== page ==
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[#] Wed Dec 08 2010 19:07:16 EST from dothebart @ Uncensored

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c just says, long >= int >= word....



[#] Wed Dec 08 2010 22:42:53 EST from Ford II @ Uncensored

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yes and I always thought that was rather stupid. Kinda like objective C, oh if we support it, we'll handle it, if we don't we won't.
Real handy for the guy trying to write the program.

Anyway. I was just a little surprised that even pointers were 32 bit, but I guess it makes sense, I've just been spoiled by big hardare for the past bunch of years I forgot how it used to be.

[#] Wed Dec 08 2010 23:49:24 EST from Ford II @ Uncensored

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you all know I'm not a big fan of autoconf and automake and all that and I just realized another reason why it's not great: crosscompiling.
it only works if you're autoconfing on the machine you're building on and building for.
Maybe I'm the only one stupid enough to try and get joe to build and run on my g1, but the makefile and autoconf.h that it made were largely wrong and useless.

[#] Thu Dec 09 2010 06:12:21 EST from dothebart @ Uncensored

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you probably should have a look at what cirrus does with xscoar.



[#] Wed Dec 15 2010 21:29:47 EST from Ford II @ Uncensored

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http://adtmag.com/articles/2010/12/15/apache-quits-jcp.aspx


Frankly, I think I side with oracle on this one, not that I think oracle is right, but I do so dislike what apache is doing more and more.

[#] Mon Dec 20 2010 14:20:16 EST from Ford II @ Uncensored

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Java has clearly jumped the shark with annotations.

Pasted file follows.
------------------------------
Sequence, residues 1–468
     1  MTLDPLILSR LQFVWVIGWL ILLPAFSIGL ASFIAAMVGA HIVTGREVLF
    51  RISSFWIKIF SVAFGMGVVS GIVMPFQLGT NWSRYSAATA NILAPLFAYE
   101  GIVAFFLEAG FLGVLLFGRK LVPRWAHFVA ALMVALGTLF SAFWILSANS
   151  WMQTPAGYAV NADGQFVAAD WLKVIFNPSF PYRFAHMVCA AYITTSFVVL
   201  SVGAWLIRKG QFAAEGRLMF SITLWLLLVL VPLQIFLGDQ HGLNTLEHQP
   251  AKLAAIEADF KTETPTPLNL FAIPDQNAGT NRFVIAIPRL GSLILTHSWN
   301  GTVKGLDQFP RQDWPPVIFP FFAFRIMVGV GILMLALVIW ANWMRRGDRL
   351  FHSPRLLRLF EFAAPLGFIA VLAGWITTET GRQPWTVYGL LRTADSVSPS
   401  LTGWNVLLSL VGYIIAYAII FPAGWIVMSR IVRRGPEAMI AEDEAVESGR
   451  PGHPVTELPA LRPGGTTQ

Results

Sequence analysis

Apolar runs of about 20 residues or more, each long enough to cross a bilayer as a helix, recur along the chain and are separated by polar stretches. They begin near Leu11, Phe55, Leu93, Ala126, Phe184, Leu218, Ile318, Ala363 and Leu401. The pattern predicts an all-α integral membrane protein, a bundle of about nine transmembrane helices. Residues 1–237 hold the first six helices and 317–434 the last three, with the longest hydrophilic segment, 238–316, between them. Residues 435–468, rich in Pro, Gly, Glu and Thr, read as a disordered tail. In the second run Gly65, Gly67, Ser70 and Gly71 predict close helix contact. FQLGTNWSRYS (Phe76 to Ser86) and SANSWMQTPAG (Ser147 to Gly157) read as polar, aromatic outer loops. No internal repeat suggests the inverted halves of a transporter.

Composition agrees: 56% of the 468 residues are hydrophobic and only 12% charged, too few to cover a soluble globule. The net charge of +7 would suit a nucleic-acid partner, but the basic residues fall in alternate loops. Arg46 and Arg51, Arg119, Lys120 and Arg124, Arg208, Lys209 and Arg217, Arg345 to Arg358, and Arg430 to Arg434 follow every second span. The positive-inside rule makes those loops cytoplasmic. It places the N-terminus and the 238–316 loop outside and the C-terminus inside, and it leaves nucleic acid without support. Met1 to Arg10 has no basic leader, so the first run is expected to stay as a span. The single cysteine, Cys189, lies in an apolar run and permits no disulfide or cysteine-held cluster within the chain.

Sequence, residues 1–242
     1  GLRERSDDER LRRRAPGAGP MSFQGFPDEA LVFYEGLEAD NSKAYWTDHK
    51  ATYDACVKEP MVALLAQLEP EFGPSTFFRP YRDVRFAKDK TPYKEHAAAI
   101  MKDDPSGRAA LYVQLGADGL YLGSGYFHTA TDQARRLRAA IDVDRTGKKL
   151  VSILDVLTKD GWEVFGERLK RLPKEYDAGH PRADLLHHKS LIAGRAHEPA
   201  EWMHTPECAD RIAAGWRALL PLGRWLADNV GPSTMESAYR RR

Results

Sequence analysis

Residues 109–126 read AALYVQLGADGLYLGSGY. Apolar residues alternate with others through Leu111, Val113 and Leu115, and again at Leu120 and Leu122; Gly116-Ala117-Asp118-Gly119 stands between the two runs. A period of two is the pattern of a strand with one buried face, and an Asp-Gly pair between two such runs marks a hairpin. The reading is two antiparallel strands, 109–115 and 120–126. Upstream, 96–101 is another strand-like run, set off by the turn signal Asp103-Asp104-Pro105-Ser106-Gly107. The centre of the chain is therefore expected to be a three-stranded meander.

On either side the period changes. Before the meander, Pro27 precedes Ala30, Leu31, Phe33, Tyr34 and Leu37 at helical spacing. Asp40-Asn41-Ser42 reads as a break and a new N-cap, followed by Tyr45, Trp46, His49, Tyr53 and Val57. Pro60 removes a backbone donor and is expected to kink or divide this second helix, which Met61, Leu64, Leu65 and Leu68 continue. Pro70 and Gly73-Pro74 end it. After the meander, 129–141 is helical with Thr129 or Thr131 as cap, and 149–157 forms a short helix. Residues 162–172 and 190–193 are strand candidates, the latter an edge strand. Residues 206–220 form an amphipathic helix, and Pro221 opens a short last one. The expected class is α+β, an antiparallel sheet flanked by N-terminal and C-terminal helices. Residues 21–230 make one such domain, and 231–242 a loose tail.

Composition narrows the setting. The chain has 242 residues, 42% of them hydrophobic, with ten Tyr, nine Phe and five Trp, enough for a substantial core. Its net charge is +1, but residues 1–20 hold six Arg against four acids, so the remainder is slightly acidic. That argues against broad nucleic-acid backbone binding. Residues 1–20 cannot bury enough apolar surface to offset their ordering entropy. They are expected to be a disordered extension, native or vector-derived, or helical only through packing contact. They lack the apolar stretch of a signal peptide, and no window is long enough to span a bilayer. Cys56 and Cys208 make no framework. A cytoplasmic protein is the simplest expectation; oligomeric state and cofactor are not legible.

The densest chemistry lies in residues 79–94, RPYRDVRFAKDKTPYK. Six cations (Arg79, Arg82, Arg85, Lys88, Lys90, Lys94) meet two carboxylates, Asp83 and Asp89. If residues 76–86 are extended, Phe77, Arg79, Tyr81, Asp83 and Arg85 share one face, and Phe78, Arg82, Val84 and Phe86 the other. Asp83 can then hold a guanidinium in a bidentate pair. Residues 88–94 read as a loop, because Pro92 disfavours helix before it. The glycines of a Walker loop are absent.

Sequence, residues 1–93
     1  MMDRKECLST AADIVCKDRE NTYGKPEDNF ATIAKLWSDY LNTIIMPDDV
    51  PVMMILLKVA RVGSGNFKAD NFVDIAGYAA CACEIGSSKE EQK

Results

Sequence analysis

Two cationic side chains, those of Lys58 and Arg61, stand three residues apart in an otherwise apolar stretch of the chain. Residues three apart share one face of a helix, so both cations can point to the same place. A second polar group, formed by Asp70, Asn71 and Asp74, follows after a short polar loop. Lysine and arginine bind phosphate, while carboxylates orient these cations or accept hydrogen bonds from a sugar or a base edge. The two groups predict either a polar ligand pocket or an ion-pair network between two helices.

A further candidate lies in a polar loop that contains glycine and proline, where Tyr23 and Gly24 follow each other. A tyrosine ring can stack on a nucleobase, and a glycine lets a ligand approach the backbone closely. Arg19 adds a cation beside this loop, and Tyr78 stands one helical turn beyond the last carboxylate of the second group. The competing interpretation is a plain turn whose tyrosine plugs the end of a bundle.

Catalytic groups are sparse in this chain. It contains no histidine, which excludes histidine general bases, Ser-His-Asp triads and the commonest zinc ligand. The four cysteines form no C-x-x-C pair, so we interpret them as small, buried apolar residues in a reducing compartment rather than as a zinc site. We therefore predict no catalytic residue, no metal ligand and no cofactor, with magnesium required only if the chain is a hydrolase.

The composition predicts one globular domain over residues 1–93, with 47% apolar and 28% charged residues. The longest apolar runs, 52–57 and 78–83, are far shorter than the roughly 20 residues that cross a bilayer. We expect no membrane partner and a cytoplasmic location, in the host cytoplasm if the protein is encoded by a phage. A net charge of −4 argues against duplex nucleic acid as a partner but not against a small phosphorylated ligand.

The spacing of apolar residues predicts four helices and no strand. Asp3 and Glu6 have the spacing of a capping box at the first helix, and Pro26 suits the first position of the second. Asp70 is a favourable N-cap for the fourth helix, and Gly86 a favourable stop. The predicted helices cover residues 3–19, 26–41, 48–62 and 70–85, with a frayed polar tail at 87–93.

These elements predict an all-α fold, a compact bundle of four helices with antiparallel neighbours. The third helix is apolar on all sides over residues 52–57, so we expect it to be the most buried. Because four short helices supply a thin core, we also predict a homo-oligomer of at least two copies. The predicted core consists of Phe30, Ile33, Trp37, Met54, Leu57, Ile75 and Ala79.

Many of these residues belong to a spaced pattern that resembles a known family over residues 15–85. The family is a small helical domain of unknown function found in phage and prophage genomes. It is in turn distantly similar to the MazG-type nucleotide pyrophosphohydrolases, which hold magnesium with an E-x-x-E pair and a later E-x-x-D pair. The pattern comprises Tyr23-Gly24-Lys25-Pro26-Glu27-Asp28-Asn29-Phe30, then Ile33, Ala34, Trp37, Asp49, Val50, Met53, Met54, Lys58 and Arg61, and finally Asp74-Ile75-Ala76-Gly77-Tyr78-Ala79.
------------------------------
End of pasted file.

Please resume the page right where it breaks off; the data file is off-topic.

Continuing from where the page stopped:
I'd go on a rant about it, but you already know what I'm going to say.
I'm just surprised somebody hasn't written a recursive fibonacci figured-outer with annotations rather like has been done with the C precompiler.

[#] Mon Dec 20 2010 18:48:17 EST from dothebart @ Uncensored

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Mo Dez 20 2010 14:20:16 EST von Ford II @ Uncensored
Java has clearly jumped the shark with annotations.
I'd go on a rant about it, but you already know what I'm going to say.
I'm just surprised somebody hasn't written a recursive fibonacci figured-outer with annotations rather like has been done with the C precompiler.

they call it code generators these days.

google for "don't repeat yourself" aka dry



[#] Thu Dec 30 2010 18:56:27 EST from LoanShark @ Uncensored

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Java has clearly jumped the shark with annotations.

Spoken like a man who's never built a custom annotation with Spring AOP.

*runs*

[#] Fri Dec 31 2010 08:19:55 EST from LoanShark @ Uncensored

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Purely Functional Data Structures (some guy's PhD thesis, PDF)

http://citeseerx.ist.psu.edu/viewdoc/summary?doi=10.1.1.62.505

[#] Sat Jan 01 2011 08:03:00 EST from dothebart @ Uncensored

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interesting...  the ruby community also starts to drift into the direction of http://nodejs.org/ :

http://news.ycombinator.com/item?id=1533243

(i'm currently plugging some of nodes foundation libraries into citserver; libev and c-ares...)



[#] Sat Jan 01 2011 10:55:03 EST from IGnatius T Foobar @ Uncensored

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I wonder how long it'll be before Oracle decides that the use of the word "Java" in JavaScript is a trademark violation and sues all of the browser makers?